Strange Weather

Language is constantly shifting to capture changing popular thought. How is our growing understanding of global climate change – as a scientific, political and cultural phenomenon – reflected in our everyday language? The Studio for Urban Projects believes that the way we think about nature is critical to how we perceive our role within the environment and address problems – such as the imminent crisis of global warming.

The current popular focus on climate change is projected as a new and contemporary event when in fact the seeds of this investigation have been laid in scientific dialog since the 19th century. Though the “natural greenhouse effect” was first described by physicist John Tyndall in 1859 and the relation between CO2 levels and earth’s temperature in 1896 by Swedish chemist Svante Arrhenius, it is only in recent years that popular culture has caught up with scientific discourse and embraced climate change as an all too real phenomenon. Today the daily weather forecast takes on a foreboding quality as we begin to understand how our everyday actions impact global climate in potentially irreversible ways.

Strange Weather graphs the usage patterns of terms that characterize the dialog around climate change from Internet news sources. These terms, including “carbon footprint,” “greenhouse gasses,” and “polar ice cap,” are juxtaposed with the mundane daily audio stream of New York City weather information broadcast by the National Weather Service. Strange Weather aims to provoke us to think about how our perception of weather must change from an objective measure of natural phenomena to something that complexly and darkly also mirrors ourselves.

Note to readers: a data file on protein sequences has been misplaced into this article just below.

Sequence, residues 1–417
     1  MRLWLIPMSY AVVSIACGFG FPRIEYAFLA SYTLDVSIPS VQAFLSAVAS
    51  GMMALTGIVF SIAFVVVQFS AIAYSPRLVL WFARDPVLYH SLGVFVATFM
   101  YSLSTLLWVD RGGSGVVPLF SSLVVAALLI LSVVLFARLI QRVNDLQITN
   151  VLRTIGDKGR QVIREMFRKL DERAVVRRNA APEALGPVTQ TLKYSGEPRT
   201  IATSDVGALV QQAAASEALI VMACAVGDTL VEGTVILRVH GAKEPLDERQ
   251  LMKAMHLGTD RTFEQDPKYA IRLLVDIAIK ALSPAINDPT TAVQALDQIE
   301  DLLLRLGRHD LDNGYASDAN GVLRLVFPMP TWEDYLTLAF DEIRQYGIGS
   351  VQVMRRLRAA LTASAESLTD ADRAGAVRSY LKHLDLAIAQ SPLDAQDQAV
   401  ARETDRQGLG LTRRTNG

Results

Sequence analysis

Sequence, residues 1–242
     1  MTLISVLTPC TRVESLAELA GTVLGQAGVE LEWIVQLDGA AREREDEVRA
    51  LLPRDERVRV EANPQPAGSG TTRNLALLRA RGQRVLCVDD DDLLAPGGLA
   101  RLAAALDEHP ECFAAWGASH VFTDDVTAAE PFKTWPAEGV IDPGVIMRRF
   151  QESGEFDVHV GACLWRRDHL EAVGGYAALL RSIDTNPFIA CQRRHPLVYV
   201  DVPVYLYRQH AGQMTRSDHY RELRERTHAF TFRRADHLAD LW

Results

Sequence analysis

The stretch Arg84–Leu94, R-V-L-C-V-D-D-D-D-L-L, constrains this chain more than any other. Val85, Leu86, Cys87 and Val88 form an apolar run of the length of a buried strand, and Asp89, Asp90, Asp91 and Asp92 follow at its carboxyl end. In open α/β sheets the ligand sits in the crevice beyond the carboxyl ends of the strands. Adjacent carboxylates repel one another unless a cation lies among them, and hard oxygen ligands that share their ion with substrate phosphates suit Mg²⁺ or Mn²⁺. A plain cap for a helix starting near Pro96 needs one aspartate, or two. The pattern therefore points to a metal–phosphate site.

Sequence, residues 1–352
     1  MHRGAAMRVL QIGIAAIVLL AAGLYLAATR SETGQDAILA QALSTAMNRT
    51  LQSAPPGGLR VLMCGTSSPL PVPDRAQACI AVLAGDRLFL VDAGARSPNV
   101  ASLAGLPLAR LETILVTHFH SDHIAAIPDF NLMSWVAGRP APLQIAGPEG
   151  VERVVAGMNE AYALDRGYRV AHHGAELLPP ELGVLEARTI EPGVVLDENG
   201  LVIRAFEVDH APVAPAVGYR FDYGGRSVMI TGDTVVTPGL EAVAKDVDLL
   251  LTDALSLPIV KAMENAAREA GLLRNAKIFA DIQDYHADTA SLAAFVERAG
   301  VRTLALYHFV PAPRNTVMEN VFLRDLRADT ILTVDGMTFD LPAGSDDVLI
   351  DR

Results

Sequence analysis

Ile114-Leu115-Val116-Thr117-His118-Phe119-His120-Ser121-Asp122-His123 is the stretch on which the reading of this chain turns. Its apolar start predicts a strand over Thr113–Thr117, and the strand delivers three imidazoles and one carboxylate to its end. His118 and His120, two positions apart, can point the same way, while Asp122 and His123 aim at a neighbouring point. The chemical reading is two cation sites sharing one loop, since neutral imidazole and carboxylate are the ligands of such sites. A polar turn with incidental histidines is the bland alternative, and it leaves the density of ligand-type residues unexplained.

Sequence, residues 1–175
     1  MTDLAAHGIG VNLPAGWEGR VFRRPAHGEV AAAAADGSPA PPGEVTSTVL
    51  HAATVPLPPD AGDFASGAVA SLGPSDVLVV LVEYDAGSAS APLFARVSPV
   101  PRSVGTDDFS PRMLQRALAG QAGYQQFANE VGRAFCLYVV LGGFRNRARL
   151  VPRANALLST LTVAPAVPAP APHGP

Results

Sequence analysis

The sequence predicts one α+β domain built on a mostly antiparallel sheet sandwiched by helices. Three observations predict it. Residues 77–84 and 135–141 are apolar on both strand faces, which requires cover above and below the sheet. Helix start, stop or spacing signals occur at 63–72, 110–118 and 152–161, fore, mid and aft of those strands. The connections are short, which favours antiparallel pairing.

Strange Weather grows out of a previous project entitled In Popular Terms: The Evolving Language of Ecology.

In Popular Terms is a visualization that allows the participant to choose from a set of terms such as “sustainable” and to search the Internet for the presence of that term in the context of its contemporary usage. The user can then compare the results against an annotated bibliography that reveals the way these terms have changed over time.  In Popular Terms was conceived for the Berkeley Art Museum’s on-line exhibitionRIP.MIX.BURN.BAM.PFA curated by Richard Rinehart. Its parameters are inspired by artist Valéry Grancher’s 24h00 (1999) in the BAM collection. In Popular Terms was made in collaboration with artists Gilbert Guerrero, Christian Nold, and Megan and Rick Prelinger.